Several summers ago, one of my colleagues was involved in a terrible automobile accident. She was driving out of her quiet Kempsville neighborhood when an SUV slammed into the driver’s side of her Volkswagon Jetta. She survived, but her pelvis was broken, a rib was cracked, and her spine was fractured. That same summer, two weeks before her car accident, I was sexually assaulted. I had been sunbathing on of our Bayside beaches around noon on a Thursday, when a man jumped on my back. While holding me down with one hand planted on my shoulder, he sat on my back and masturbated. I survived, but inside I was broken, cracked, and fractured.
My colleague had a physical therapist who worked with her very other day. With the help of this therapist, she learned how to navigate around her house with a walker while her bones mended. I had a counselor who worked with me, too. She helped me navigate my way out of the trauma of sexual assault, with the goal that I would return to the woman I was before this happened to me. You see, for about a month after the assault, I could go no further than my own back yard. My house and yard were the only places I felt safe. When I did leave, I was right next to my husband, with my hand firmly planted in his. He was my walker.
And I couldn’t talk to anyone about what happened but my counselor and my husband. It was about six weeks after the assault that I drove the three hours north to where my son was working for the summer to tell just him about it, face to face. He quietly listened, saying nothing, but watching my face for every nuance of emotion it might reveal. When I finished, he had a few questions, one of which was how his father was handling this. By then I wanted to lighten the moment for my son, so I smiled and said that his father wants just five minutes alone with this guy. My attempt at humor failed. His eyes kept a steady gaze on mine, and he said “It would only take me three, Mom.”
I also remember sitting in church that summer, surrounded by people whom I trust – people who have helped my through some rough spots over the last fifteen years. If this man had beaten me up on the outside instead of on the inside, I would be in the hospital recovering from the wounds and these good, good people would be praying for my speedy recovery. But it does not work that way for the victims of sexual assault. My inability to talk was not related to any sense of shame; I was spared that. I could not talk about it because of the pain of sexual assault.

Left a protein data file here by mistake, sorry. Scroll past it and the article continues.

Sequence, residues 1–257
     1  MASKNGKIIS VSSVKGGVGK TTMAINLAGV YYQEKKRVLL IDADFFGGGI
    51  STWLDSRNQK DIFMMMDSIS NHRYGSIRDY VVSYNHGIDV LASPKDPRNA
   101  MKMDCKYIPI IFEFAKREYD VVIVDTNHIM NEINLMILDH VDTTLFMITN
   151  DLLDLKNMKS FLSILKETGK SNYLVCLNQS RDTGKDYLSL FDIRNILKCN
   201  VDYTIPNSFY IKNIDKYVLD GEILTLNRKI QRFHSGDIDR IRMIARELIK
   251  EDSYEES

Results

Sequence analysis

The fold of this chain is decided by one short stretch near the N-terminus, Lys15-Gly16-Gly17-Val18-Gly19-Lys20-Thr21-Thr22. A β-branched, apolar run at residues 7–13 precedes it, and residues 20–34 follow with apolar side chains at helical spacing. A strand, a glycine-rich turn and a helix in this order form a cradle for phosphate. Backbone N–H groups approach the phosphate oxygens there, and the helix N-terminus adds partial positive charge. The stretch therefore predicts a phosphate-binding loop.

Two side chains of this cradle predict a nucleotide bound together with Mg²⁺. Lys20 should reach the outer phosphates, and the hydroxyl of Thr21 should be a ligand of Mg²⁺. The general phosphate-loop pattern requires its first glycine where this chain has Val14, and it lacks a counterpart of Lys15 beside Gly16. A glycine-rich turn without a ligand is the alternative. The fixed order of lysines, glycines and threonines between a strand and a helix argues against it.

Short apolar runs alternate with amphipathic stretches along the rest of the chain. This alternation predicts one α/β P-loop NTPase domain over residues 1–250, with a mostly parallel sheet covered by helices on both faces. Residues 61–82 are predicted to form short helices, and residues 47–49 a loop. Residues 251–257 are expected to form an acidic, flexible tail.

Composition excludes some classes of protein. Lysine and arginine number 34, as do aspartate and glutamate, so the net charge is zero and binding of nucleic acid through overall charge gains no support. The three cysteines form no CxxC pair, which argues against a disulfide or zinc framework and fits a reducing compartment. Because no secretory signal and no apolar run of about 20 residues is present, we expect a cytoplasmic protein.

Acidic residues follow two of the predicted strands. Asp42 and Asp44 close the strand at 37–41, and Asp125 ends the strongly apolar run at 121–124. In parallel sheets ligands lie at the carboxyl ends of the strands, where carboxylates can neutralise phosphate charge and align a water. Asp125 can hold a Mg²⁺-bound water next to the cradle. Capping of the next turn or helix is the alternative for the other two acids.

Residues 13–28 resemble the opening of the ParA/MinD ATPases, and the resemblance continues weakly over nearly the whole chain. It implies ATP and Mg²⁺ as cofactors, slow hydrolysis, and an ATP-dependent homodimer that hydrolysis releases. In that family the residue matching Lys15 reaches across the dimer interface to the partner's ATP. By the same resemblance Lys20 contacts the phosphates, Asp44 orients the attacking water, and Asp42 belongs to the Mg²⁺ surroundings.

It was not like any other pain I’d known; pains I could point to and say “It hurts right here”. No. This pain felt like an iron-cored mass of heavy ooze slithering along my insides. Sometimes it enveloped my heart, and I could not feel things. Sometimes it lodged in mind for the day, and I could not think. And then, whenever I thought to talk about it, it lodged itself in my throat and I could not speak. I never knew when or where it would be next, nor how long before it would move one.
My colleague returned to work. Her physical therapy was done, her bones mended; she was back to her old self. I am just about back to my old self as well. But when I am in any public place, and suddenly find myself alone, my shoulders tighten up, and I start looking behind me. My hand reaches for my bag and the can of mace I always carry now. My counselor assured me that this fear will also diminish with time, and I believe her. She was right about everything else along this rocky path.
The man who did this to me needs counseling. I suggest that he gets it because as his perversion escalates, he loses control, and then he gets caught. Newspapers protect the victims of sexual assaults, but the paper has no problem printing the pictures of the perpetrators. The paper also puts their name right underneath their picture. Then, everyone knows his dirty secret. That’s when it’s his turn to start looking over his shoulder, for there are some folks that want just five minutes alone with him; there are others who only need three.